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David Ebenbach

David Ebenbach has been writing ever since he was a kid, when he kept his whole family awake by banging away on an enormous manual typewriter, and he’s never wanted to stop. He is the author of several books of fiction, poetry, and non-fiction, and his work has picked up awards along the way: the Drue Heinz Literature Prize, the Juniper Prize, the Patricia Bibby Award, and more.

A Philadelphia native, these days David does most of his writing in Washington, DC, where he lives with his family ― because he uses a laptop now, he doesn’t keep them awake with his typing ― and where he works at Georgetown University, teaching creative writing and literature. Find out more at davidebenbach.com.

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How to Mars: Solid but feels like a missed opportunity

How to Mars by David Ebenbach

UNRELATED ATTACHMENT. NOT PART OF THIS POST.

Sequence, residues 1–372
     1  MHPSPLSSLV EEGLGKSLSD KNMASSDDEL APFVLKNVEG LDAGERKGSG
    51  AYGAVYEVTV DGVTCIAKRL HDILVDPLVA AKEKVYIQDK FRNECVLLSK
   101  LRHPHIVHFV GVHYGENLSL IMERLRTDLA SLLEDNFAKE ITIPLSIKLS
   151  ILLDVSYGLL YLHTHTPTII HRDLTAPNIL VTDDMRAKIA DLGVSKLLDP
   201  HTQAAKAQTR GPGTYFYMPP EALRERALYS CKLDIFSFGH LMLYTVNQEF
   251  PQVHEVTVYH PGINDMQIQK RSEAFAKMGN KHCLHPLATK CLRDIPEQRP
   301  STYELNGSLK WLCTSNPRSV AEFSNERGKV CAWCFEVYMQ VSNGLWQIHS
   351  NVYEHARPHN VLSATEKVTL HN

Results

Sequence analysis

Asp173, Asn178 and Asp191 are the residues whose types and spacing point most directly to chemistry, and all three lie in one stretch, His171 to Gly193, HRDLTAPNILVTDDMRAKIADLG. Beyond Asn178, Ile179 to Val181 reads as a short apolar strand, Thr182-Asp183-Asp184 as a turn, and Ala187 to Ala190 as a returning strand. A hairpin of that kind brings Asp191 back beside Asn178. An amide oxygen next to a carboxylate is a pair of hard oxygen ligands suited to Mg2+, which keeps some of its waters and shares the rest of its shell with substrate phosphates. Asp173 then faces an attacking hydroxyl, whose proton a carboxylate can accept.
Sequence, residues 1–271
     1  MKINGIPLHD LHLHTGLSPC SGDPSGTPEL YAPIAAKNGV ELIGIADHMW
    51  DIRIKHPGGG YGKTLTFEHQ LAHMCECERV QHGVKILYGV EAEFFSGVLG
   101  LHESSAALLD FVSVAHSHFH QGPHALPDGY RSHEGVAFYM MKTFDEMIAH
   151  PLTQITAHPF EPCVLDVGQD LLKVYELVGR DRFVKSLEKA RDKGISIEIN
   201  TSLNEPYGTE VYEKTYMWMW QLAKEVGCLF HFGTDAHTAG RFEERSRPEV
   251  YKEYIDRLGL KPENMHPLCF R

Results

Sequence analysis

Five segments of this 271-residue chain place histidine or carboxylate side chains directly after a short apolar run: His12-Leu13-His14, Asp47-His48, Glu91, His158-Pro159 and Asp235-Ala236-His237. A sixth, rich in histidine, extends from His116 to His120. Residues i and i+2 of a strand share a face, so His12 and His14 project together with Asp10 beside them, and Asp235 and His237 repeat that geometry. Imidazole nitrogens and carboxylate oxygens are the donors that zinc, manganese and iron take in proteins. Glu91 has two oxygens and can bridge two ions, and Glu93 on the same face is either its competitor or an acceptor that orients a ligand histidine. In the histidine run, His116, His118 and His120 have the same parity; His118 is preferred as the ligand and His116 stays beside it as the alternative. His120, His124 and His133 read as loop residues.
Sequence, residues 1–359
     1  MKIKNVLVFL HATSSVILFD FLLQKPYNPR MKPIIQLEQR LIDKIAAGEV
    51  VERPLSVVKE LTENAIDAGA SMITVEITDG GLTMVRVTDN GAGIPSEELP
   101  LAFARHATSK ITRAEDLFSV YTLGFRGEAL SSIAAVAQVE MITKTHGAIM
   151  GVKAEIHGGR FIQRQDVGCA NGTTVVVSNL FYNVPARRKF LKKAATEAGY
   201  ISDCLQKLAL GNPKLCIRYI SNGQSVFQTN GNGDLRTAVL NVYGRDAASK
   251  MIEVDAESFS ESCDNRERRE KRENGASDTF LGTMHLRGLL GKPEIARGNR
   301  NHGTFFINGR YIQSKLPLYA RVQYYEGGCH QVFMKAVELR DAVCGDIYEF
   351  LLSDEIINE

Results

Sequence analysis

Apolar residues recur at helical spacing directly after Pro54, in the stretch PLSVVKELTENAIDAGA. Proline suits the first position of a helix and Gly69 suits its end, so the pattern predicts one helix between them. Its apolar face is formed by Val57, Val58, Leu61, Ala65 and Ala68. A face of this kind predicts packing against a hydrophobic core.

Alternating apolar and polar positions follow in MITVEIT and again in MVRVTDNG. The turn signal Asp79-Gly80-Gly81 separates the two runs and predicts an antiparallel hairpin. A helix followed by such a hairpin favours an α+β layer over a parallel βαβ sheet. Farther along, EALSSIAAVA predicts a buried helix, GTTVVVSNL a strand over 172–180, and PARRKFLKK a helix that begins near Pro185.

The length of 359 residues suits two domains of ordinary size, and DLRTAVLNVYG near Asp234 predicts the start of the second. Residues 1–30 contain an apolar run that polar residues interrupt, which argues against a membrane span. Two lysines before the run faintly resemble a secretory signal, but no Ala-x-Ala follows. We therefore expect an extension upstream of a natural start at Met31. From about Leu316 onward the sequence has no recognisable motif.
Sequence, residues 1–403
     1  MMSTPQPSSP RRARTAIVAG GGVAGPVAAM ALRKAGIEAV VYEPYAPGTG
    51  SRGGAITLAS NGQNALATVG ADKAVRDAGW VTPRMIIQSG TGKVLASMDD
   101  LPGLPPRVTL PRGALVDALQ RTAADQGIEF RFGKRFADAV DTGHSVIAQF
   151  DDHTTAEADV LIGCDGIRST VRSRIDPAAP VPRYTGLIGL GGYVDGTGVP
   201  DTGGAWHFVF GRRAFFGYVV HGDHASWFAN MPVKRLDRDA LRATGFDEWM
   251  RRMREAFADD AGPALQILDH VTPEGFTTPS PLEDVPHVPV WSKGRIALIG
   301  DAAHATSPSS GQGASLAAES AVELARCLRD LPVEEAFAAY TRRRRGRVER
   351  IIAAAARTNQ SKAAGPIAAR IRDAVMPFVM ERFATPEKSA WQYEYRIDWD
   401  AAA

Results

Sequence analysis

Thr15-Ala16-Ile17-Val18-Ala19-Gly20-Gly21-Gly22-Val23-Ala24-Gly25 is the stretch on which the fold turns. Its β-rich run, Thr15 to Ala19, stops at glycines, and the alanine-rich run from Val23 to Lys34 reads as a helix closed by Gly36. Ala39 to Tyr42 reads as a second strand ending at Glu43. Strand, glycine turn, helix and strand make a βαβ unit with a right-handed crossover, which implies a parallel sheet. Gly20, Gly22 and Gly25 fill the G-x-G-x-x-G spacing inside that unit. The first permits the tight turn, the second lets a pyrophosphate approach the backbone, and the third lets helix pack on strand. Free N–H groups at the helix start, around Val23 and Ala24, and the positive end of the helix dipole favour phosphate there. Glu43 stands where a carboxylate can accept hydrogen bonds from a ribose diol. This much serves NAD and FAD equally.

In David Ebenbach’s How to Mars (2021), humans have made it to Mars, but not via the usual major government initiative. Instead, a group of six was sent as a reality TV show produced by Destination Mars, a corporation whose owner is “pretty eccentric.” Sadly, Mars turned out to be kind of dull (lots of rocks, no life, monotone color) and as the six scientists grew bored so did the audience, leading to the show’s cancellation after just one year. The novel though kicks off with a revelation sure to jump start ratings: despite a prohibition on sex, one of the group (Jenny) is pregnant. It’s a great premise, rich with potential for tension, drama, and an exploration of what it means to be human, especially with the added complication of Martian life, but unfortunately the novel doesn’t fully mine that potential, leaving it less than the sum of its parts.
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